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Deconstructing Application Components: The TOEFL

The TOEFL (an acronym for Test Of English as a Foreign Language) is an integral and often necessary component of the application package. In addition to previous academic scores (GPA/grades), universities ask for GRE, GRE subject test, SAT or ACT and TOEFL (or IELTS) scores. For non-native English speakers and for those who have resided or studied in a country where English is not the official language, TOEFL is a necessity. Most international students (with the exception of some countries) belong to that category. With students hailing from diverse countries and nationalities, English serves as a common language medium for interaction in schools. With the exception of language courses, English is the instructing medium for all other courses.

 

What’s the TOEFL all about?

The TOEFL tests the ability of reading, writing, speaking and listening to English. The TOEFL doesn’t really have a pass or fail. Each test taker is assigned a score based on the performance in each section. Scores are valid for two years and the test can be attempted multiple times. There’s nothing like a good or bad score but it’s best to score over 22 in each section which demonstrates proficiency and the fact that the applicant can read, write, speak and understand English. The TOEFL score is certainly not a highlight of the application package but is deemed necessary for scholarships, assistantships and teaching positions.

Additionally the Visa Officer at the U.S Embassy may question about TOEFL scores. In exceptional instances, I have heard of student visas getting rejected due to lack of or low TOEFL scores (Please note this is very relative and conditional and there is no written rule about it).

Universities have their own minimum score requirement, which depends on the program one is applying to. Because scores are program specific, an applicant must ensure to check the requirements on the school webpage. Higher ranked universities ask for considerably higher scores (110 or more) whereas some universities have a minimum of 80 or even less. Don’t worry if your score isn’t high enough, the TOEFL is just a parameter in your application package. There are many critical components of the application package like SOP, LOR and grades which are looked at by the admissions committee. Despite having a TOEFL score, many schools might ask to appear for their own English test which is mandatory for all international students. Some universities have conditional acceptances and will allot English language classes to international students to improve their English. David highlights this fact in this wonderful post.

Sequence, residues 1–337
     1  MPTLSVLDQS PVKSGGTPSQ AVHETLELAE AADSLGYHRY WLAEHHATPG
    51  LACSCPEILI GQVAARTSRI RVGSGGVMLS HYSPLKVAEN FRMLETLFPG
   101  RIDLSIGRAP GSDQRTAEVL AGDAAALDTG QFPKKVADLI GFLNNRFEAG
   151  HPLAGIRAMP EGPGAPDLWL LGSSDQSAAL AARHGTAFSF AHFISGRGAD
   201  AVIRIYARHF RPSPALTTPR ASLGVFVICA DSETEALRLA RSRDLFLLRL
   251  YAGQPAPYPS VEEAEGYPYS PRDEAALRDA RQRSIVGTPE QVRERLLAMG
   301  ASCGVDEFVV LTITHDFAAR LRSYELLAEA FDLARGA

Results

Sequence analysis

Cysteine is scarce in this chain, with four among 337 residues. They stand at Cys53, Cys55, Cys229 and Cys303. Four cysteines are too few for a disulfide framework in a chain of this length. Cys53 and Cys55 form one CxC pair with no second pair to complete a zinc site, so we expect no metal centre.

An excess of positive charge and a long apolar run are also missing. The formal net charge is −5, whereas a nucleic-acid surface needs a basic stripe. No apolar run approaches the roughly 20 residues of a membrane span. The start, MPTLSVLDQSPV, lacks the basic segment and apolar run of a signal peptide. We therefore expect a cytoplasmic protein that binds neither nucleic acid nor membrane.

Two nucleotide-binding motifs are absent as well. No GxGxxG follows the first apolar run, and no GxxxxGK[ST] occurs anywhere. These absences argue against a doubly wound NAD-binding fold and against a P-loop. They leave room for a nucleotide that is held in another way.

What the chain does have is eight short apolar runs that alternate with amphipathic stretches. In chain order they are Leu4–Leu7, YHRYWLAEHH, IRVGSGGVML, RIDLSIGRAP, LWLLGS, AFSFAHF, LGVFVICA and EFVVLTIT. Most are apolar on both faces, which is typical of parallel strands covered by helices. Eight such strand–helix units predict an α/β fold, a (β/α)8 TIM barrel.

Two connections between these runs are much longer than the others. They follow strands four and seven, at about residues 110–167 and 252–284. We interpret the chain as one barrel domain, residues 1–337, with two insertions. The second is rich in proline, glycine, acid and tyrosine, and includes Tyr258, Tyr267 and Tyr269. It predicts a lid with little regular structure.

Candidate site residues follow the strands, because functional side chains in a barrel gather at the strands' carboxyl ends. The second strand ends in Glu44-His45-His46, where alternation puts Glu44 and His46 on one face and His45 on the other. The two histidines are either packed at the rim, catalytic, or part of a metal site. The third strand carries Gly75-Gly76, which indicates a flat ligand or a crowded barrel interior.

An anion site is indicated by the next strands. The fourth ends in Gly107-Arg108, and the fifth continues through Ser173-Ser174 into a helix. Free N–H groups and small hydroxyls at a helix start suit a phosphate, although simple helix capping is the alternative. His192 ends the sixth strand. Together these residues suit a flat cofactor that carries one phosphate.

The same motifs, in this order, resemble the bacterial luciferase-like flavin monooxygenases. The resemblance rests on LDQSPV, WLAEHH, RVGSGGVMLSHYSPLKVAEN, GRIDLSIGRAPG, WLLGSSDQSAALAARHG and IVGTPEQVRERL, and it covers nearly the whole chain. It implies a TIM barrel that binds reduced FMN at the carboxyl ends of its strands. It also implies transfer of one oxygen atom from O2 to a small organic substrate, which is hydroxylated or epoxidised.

When to attempt the TOEFL?

Most international applicants attempt TOEFL 2-3 months ahead of deadlines to ensure scores are reported to the school on time. Actually the TOEFL can be taken anytime. I personally advice attempting the TOEFL anywhere between June to August for application in the next fall.

Because of high volume of test takers and limited availability, it’s advisable to book the slot well ahead of time; I had to travel to another city to take the test because I registered late. Get down to preparing for the TOEFL using Magooshs’ fantastic test prep resources, if you haven’t done so already.

Stay tuned for more posts on the TOEFL and international applications!

 

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